DCA sites have contacts at a very fine pitch, so it is critical that an exact volume of solder is deposited onto the DCA sites to form a joint. Too little solder will result in an open circuit, while too much solder will result in a short circuit. Another problem is that solder pastes cannot be readily printed to such a fine pitch, as clogging of the apertures used for printing results. In addition, paste registration to DCA sites over a whole substrate would be impossible.
A repair of an open circuit or a short circuit contact for this technology is difficult so a method that can guarantee accurate deposition volume to minimize repair activity is desired. Deposition of molten solder requires an inner and outer mask to be accurately aligned to each other, and then the combination aligned to the DCA site. The alignment of the inner and outer masks is both difficult and time consuming with no guarantee that the finished mask will give the required volumes on all DCA sites. Other variable parameters which must be precisely controlled include the thickness of inner and outer masks used to deposit the molten solder, hole size of the inner mask, stand off height of the outer mask and the air pressure which forces molten solder through the masks.
U.S. Pat. No. 5,088,639 to Gondotra discloses a multipoint soldering process in which a vacuum pickup tool attached to a robot gripper simultaneously picks up a plurality of solder balls from a oscillating reservoir. A vision system determines that each pickup element has a solder ball, then the balls are dipped in sticky flux and deposited onto a circuit board at interconnection locations by releasing the vacuum. Then a plurality of individual heating elements are placed on the circuit board conforming to the interconnections and the balls are simultaneously soldered to the interconnections.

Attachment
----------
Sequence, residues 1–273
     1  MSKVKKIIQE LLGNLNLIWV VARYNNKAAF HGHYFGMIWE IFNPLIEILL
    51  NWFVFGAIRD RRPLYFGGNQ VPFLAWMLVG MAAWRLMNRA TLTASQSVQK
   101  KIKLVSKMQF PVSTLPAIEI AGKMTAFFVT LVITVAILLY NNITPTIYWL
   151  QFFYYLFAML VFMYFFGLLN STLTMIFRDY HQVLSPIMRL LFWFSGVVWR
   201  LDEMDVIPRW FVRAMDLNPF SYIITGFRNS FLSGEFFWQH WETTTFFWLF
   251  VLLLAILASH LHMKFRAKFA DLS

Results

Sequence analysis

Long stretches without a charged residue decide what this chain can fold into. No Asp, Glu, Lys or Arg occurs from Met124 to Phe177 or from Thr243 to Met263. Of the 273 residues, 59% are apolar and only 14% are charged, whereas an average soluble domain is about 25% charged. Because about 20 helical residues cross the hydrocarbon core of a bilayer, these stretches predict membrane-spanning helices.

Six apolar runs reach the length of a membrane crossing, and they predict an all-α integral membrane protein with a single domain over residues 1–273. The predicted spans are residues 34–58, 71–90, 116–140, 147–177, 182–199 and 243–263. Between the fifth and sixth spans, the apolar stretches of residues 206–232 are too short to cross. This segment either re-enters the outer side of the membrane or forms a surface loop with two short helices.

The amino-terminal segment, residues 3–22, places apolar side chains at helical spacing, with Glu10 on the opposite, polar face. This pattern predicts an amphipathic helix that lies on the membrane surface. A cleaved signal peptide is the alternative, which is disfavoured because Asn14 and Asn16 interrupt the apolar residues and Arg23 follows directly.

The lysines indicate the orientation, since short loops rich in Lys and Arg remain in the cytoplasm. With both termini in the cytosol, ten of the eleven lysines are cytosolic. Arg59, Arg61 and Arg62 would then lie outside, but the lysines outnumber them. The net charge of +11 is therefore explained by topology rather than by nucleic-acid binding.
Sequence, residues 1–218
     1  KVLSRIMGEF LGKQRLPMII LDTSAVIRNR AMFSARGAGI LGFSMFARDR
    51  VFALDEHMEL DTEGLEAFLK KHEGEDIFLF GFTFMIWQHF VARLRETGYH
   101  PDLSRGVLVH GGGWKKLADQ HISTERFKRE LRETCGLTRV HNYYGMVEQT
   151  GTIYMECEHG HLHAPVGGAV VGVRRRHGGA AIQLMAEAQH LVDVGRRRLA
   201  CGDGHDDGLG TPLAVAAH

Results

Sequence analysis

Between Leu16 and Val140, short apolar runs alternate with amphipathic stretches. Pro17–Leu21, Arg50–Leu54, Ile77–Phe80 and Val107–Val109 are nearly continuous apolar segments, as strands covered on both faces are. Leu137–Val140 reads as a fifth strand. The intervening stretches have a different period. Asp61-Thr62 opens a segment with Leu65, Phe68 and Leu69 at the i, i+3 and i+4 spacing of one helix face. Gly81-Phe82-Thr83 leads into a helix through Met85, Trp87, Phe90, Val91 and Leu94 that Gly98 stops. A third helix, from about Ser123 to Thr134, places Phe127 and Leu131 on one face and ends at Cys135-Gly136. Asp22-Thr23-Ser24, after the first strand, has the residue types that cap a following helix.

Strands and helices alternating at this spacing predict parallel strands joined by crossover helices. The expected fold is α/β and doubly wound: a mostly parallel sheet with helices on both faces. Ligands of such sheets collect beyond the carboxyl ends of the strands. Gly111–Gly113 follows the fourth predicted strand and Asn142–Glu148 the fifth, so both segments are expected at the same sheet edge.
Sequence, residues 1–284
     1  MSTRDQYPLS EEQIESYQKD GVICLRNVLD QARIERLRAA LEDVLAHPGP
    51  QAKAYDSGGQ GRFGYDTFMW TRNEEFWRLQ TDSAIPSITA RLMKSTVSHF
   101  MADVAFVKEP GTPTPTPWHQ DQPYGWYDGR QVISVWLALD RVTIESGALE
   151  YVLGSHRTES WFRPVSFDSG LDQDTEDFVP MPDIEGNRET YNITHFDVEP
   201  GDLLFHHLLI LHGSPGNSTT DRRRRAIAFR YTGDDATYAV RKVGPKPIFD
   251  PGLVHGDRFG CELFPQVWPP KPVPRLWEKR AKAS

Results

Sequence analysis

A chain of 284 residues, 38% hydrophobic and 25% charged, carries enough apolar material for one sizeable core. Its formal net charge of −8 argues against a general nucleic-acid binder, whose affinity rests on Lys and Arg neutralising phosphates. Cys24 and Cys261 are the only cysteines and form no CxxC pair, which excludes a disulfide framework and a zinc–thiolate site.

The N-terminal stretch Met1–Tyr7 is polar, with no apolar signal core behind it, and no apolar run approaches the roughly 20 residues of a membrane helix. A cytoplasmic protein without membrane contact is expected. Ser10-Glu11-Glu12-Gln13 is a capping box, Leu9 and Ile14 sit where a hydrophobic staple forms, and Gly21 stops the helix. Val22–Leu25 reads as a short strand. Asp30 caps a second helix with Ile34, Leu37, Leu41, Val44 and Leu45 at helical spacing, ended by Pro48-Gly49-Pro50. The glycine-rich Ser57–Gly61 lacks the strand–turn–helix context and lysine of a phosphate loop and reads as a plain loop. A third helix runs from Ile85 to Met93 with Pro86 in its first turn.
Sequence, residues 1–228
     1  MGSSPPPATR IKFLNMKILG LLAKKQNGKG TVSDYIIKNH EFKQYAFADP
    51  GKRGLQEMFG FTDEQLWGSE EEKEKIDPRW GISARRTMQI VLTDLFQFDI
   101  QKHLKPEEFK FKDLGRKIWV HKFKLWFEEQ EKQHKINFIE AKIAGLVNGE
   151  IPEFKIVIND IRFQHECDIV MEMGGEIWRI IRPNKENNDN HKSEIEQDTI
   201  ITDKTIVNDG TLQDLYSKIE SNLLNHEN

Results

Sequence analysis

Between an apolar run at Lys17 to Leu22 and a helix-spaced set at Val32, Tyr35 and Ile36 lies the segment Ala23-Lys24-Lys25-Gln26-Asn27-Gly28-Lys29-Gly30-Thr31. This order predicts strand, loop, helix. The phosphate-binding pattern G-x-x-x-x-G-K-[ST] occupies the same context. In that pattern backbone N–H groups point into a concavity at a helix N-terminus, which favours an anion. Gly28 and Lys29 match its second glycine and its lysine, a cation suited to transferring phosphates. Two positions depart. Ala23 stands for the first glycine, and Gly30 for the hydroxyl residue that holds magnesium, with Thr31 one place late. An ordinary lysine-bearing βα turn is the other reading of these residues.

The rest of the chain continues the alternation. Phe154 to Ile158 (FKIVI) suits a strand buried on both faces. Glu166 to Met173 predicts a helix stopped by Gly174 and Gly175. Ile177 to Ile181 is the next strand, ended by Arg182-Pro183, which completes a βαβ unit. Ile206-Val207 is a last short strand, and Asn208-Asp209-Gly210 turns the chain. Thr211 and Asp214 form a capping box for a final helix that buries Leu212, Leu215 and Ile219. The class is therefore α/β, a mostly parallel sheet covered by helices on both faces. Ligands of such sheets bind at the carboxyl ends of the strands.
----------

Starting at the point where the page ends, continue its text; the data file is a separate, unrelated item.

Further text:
U.S. Pat. No. 5,205,896 to Brown discloses a vacuum chamber with a bottom wall of a rigid porus material covered by a foil with a pattern of holes or a thicker more rigid, self supporting member with a hole pattern drilled therein. The rigid member is positioned over a speaker cone which contains spherical solder preforms in the range of 0.254 mm in diameter which are vibrated by the speaker. The preforms are melted to form solder bumps which may be used in a conventional manner to attach leadless chip carriers.
U.S. Pat. No. 5,201,451 to Desai, discloses connecting copper or solder balls to a flexible chip carrier.